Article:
Reflections on â€śHypertext and the Changing Roles of Readersâ€? (hereinafter HatCRoR)
I recall a letter to the editor, or perhaps it was an opinion piece, in the Minnesota Daily from a couple decades ago where the writer bemoaned the migration of the library card catalog to a computer data base. The issue for that writer was the loss of the â€śserendipityâ€? that one can experience in searching the card catalog. The writer felt there was value in finding something unusual or unexpected as a byproduct of onesâ€™ flipping through the card catalog, even if it was unrelated to the actual target of the search. I hope that the author of that piece has lived long enough to see the hypertext age and discover the serendipity of being about six clicks away from any piece of information in the world! It seems to me that this persons approach to using the card catalog is similar to the way the author of HatCRoR looks at reading hypertext, except that hypertext is capable of providing interactive serendipity to the Nth degree!
â€śThe idea that hypertext is read differently should not be such a stretchâ€¦â€? is an overstatement of the obvious. Itâ€™s like my saying, â€śI play basketball differently with fourth graders than I do with college studentsâ€?. There are many variables that effect the context in which one reads including the content of the text, the intent of the reader, the writing style, the size and style of the font and the medium on which the text is conveyed, to name a few. Hypertext has itsâ€™ place among these variables and it is very obviously â€śdifferentâ€? enough to effect the way one reads but it is not an appropriate tool for every context.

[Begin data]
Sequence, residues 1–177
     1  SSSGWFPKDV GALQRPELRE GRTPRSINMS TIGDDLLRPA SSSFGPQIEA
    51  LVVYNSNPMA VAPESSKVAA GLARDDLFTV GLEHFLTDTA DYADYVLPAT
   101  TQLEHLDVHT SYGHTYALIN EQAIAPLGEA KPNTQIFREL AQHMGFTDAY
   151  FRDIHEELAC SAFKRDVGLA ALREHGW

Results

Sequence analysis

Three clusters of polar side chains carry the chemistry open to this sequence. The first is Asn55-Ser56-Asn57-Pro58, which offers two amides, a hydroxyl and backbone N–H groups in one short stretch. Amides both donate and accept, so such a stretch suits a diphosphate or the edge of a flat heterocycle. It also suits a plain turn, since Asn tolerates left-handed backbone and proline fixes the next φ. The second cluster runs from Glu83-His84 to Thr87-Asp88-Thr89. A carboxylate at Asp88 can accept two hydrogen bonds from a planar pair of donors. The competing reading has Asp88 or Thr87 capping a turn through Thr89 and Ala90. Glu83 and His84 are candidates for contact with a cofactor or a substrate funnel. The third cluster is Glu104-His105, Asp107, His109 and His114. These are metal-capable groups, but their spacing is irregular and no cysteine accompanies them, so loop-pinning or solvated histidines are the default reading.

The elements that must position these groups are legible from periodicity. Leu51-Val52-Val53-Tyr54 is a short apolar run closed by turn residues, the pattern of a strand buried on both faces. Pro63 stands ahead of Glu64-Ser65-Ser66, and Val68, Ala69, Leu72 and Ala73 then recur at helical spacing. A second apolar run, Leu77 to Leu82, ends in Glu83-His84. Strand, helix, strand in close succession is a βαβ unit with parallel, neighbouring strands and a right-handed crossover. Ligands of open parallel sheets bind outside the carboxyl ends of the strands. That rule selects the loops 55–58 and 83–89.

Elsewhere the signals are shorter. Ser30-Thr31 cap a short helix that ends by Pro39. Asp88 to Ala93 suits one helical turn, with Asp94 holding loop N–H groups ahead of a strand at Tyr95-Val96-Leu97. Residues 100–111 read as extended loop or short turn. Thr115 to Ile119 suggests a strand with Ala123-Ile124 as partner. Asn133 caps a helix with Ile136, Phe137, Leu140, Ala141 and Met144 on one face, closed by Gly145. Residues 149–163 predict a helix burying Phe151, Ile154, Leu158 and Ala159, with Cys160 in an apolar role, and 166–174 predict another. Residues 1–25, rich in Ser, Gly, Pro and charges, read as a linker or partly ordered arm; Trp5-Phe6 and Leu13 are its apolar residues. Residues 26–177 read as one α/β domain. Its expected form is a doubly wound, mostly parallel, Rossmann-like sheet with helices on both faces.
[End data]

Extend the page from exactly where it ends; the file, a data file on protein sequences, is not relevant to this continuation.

This article also fails to even acknowledge, much less assess, the implications of reading hypertext across the range of ages represented among school aged children. The â€śsense of agencyâ€”definedâ€¦as the ability to take meaningful actions and see results of those actionsâ€? is not limited to hypertext. As a child I felt a greater sense of agency by being physically comfortable (laying under an end table with my feet up on the sofa or laying on the kitchen table with my book open on the seat of a high stool, my mother has a picture to prove it!) when reading. It was much easier to lose myself in a book when I was physically comfortable than when I was sitting at a desk. The â€śagencyâ€? of my two year old granddaughter is enhanced by the â€śdoorsâ€? that can be discovered and opened in her farm themed book to reveal pictures which help her develop her abilities in counting and shape and color recognition. And, if you can believe it, the past sentence was interrupted by a 20 minute SKYPE call from China which included that same granddaughter demonstrating a great sense of agency in enthusiastically singing an alphabet song which she has learned since leaving here two weeks ago! I also believe that the authorâ€™s contention that â€śsimple recall questions are probably not going to help students develop this sense of agencyâ€? overlooks the important role that simple recall plays in the early stages of learning.
I can see that hypertext would serve well in many educational situations, increasing the possibility for discovery, enlivening the presentation and enlarging the opportunities for collaboration. But it could also prove a hindrance in many reading situations. If one is reading for pleasure or wants to focus on particular aspects of a text, hypertext could prove easily distracting rather than helpful.